LOS ANGELES (AP) — The first wave of a powerful Pacific storm spread rain and snow early Friday through much of California, where communities endangered by a wildfire just weeks ago now faced the threat of mud and debris flows.
Authorities in the foothill cities of Glendora and Azusa east of Los Angeles kept a wary eye on the barren slopes as rains moved through. Small debris flows covered one Glendora street but no property damage occurred, police said. Mandatory evacuation orders were issued for about 1,000 homes in the area on Thursday.
A new evacuation covering 200 homes was ordered Friday morning in the nearby foothill city of Monrovia, where a wildfire denuded 170 acres of slopes above the city.
The Sierra Club and other groups concerned about Louisiana's wetlands are fighting a measure in the state legislature that would give the governor more power over the make-up of the Southeast Louisiana Flood Protection Authority, which has filed suit against oil companies over erosion, The Associated Press reports.
CHEYENNE, Wyo. (AP) — Turns out the worst state for carbon dioxide emissions per person isn't smoggy California or bustling New York, but a place famous for its big, clear skies: Wyoming.
But regulating greenhouse gases is a touchy subject in the least-populated state, which just recently received U.S. Environmental Protection Agency approval to do so.
Wyoming also is the top coal-mining state by far, producing almost 40 percent of the nation's coal. Burning coal to generate electricity produces large amounts of CO2 — in Wyoming, across the U.S., and in the Far Eastern countries where state officials have sought to open up new coal markets.
TRAVERSE CITY, Mich. (AP) — Sharp cutbacks in phosphorus runoff into Lake Erie are needed to counter a worsening problem of algae blooms that degrade water quality, harm fish and chase away tourists, a U.S.-Canadian agency said in a report to both governments Thursday.
The International Joint Commission, which recommends policies dealing with the Great Lakes and other border waterways, recommended targets for lowering daily amounts of phosphorus flowing into the ailing Erie. It's the smallest of the five lakes yet has the most abundant fish population and supports a billion-dollar angling and boating industry.
Federal Reserve Board chairwoman Janet Yellen said cold temperatures this winter have contributed to the recent economic slowdown, and that Fed officials are looking at other causes, The New York Times reports.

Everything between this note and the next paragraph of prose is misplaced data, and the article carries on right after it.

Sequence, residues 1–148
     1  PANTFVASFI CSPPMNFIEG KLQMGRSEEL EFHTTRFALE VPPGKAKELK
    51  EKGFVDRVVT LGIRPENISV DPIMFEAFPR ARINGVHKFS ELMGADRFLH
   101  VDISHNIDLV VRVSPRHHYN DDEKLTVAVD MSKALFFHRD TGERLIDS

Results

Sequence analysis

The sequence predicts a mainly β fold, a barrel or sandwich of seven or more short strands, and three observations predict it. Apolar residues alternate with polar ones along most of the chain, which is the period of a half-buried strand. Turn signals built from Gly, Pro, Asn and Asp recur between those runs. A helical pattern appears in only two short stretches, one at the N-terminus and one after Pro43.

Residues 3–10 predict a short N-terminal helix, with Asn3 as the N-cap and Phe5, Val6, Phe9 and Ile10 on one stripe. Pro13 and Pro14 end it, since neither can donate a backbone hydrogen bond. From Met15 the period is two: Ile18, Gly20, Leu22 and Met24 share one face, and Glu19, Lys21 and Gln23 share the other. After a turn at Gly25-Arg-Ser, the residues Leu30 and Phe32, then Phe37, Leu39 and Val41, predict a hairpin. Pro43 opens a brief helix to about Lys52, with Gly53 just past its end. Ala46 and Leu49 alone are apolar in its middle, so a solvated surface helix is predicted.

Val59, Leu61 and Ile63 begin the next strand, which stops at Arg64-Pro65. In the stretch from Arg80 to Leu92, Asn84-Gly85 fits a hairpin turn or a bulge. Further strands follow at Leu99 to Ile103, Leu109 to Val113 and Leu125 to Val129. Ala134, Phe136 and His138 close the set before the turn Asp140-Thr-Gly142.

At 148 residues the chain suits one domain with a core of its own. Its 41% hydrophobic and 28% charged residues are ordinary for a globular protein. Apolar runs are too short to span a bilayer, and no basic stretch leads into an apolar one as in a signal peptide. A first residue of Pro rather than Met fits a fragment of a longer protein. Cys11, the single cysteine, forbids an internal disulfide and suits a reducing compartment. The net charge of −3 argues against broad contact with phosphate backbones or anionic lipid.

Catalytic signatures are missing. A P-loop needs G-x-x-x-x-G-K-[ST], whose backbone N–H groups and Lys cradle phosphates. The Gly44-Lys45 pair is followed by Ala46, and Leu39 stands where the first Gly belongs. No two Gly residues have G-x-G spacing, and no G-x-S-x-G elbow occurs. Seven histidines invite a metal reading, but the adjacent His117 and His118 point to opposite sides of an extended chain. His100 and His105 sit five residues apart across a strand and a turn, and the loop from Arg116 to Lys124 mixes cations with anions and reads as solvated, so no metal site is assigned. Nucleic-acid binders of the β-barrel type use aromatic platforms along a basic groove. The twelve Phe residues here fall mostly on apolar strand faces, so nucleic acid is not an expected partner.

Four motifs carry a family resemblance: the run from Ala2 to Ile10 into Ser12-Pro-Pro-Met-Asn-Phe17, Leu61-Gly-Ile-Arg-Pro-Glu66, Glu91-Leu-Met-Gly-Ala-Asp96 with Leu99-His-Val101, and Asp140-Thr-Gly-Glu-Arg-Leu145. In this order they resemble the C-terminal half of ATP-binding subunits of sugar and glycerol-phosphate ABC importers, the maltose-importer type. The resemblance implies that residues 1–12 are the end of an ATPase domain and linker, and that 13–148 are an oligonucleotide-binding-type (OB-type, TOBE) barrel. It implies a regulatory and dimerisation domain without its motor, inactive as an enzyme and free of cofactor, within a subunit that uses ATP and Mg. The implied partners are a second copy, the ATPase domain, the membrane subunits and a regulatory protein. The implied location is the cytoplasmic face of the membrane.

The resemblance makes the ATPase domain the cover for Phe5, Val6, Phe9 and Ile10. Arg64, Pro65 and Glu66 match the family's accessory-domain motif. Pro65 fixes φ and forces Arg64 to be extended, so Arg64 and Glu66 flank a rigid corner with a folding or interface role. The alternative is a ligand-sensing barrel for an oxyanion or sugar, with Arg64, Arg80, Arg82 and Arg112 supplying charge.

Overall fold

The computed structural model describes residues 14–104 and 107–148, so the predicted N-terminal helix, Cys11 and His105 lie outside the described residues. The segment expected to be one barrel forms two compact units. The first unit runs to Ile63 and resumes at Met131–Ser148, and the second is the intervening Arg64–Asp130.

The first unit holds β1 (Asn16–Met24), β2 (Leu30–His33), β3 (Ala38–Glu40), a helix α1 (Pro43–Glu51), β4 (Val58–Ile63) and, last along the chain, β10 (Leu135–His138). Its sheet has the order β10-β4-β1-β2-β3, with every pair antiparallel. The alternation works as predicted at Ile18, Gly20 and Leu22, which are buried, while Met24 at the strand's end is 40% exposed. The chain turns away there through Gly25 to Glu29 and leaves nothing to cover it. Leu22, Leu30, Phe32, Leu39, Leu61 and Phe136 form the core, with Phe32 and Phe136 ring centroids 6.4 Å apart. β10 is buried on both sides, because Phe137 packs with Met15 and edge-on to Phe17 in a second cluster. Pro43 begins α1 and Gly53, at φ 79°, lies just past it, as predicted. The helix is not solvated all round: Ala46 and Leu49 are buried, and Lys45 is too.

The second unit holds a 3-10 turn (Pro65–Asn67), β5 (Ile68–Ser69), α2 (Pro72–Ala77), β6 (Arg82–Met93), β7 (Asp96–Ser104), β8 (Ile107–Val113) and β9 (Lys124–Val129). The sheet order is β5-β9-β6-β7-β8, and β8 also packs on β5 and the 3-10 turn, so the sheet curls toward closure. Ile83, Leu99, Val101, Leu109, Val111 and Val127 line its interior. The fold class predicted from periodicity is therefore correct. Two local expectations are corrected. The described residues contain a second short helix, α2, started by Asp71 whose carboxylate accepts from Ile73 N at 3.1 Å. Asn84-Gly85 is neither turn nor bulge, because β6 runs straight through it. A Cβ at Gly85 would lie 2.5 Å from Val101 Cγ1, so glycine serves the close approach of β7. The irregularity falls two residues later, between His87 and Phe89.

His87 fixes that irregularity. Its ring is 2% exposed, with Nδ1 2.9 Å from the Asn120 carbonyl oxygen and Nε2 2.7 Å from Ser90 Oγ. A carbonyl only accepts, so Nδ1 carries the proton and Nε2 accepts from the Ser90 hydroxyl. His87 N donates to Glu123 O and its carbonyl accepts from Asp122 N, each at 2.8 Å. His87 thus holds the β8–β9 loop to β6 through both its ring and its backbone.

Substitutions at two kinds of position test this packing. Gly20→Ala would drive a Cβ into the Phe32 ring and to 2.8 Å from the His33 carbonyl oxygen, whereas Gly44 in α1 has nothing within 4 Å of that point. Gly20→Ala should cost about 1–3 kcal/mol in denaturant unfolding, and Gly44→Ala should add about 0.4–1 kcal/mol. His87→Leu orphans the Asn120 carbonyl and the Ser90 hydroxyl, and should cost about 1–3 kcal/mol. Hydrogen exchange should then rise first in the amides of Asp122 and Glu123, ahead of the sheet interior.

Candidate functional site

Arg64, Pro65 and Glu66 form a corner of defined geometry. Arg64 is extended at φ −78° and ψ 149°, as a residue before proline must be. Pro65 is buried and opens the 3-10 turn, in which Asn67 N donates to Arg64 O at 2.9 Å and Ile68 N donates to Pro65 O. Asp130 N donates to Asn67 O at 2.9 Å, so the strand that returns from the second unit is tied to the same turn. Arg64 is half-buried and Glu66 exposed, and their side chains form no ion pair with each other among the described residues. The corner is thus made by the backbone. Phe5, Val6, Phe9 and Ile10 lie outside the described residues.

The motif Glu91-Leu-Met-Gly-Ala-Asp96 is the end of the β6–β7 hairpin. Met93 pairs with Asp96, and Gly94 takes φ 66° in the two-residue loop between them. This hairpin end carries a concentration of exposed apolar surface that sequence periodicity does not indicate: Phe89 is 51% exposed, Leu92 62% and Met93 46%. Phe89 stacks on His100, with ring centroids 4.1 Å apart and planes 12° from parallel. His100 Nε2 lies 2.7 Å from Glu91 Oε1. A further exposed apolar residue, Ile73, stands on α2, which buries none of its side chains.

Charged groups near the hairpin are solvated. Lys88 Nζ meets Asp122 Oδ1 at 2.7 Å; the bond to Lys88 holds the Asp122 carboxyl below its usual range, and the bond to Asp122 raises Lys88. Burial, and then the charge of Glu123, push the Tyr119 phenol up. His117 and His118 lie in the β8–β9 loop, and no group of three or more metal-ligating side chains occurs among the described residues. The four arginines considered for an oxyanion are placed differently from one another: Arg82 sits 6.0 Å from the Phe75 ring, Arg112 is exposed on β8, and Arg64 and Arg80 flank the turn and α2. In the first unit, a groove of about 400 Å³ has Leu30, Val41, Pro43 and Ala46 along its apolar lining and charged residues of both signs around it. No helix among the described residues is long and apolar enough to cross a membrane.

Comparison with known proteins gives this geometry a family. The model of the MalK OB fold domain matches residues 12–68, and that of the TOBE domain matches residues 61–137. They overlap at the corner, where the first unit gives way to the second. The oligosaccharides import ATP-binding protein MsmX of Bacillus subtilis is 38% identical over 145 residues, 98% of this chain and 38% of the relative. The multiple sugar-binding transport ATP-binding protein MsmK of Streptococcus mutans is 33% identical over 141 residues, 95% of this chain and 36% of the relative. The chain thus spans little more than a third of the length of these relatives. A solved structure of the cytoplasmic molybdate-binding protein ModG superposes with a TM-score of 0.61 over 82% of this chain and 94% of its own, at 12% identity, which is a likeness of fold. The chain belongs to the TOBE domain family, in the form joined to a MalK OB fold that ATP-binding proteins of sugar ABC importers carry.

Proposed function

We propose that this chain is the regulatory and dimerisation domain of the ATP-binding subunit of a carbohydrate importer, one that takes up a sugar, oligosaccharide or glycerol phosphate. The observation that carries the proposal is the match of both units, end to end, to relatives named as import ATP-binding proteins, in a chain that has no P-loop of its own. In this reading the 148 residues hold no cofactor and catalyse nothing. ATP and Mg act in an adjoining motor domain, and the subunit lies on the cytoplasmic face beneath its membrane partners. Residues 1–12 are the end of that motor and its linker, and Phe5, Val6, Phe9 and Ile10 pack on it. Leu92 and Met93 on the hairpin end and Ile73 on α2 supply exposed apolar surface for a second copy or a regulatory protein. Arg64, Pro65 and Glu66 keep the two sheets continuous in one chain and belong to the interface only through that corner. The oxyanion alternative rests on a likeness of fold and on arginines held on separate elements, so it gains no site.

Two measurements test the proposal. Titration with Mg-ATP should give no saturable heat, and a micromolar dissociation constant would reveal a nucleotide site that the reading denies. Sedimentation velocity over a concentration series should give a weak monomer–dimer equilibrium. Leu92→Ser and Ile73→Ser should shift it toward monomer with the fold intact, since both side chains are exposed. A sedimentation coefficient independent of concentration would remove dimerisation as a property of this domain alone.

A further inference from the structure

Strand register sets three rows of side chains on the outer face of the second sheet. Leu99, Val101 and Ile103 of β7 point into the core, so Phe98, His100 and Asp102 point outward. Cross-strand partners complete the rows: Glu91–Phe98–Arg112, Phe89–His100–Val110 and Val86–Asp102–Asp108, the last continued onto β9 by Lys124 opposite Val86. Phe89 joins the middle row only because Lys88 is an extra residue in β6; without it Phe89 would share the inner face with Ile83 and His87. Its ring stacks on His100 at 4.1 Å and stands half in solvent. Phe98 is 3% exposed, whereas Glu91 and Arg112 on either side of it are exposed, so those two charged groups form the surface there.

The Interior Department Bureau of Ocean Energy Management on Thursday completed a multi-year environmental review that sets the stage for new oil and gas seismic surveys off the Atlantic coast.
The expected surveys do not mean new drilling will happen anytime soon, if at all, a department official said. But the results will replace outdated information on mid- and southern Atlantic plays that will be used to decide whether to offer new leases after 2017.
The new satellite NASA is launching in cooperation with Japan will measure all of the rain that falls around the world, important data to help understand increasingly extreme weather, National Journal reports.
CHEYENNE, Wyo. (AP) — Turns out the worst state for carbon dioxide emissions per person isn't smoggy California or bustling New York, but a state famous for big, clear skies: Wyoming.
Regulating greenhouse gases is a touchy subject in the least-populated state, however.
Wyoming faces an outsized challenge since getting U.S. Environmental Protection Agency approval in December to regulate greenhouse gases. New federal figures show Wyoming in 2011 emitted more than 112 metric tons of carbon dioxide per person — more than six times the national average.
WASHINGTON (AP) — Man-made global warming is worsening and will disrupt both the natural world and human society, warns a joint report of two of the world's leading scientific organizations.
The U.S. National Academy of Sciences and the Royal Society, which is the national scientific academy of the United Kingdom, are releasing an unusual plain language report on climate change that addressed 20 issues in a question-and-answer format.
"People do have persistent questions all about climate change," said study author Ben Santer of the Lawrence Livermore National Lab in California. "This is a one-stop shop for many of those questions."
The problems in Ukraine are unlikely to trigger faster action by the Obama administration on natural gas exports, a White House spokesman appeared to indicate Friday, as he noted that supplies in Europe are at higher-than-normal levels because of the mild winter there, according to Reuters.
Public Service Enterprise Group plans to spend $12 billion over five years on capital projects to improve reliability, hoping to increase the earnings of its utility business, The Wall Street Journal reports.
Weather-related rail bottlenecks in Chicago are causing higher prices and lower supplies of ethanol on the East coast, while Midwest plants are cutting production because of a shortage of rail cars, an industry representative told a U.S. Surface Transportation Board panel, Platts reports.
Investors will challenge corporations during the upcoming proxy season to make more environmental commitments, according to nonprofit Ceres, which has compiled a list of resolutions up for votes, E&E reports.
Saying President Obama's proposed "climate resilience fund" will help communities prepare better for severe weather might win it bipartisan support, according to Sen. Brian Schatz, D-Hawaii, National Journal reports.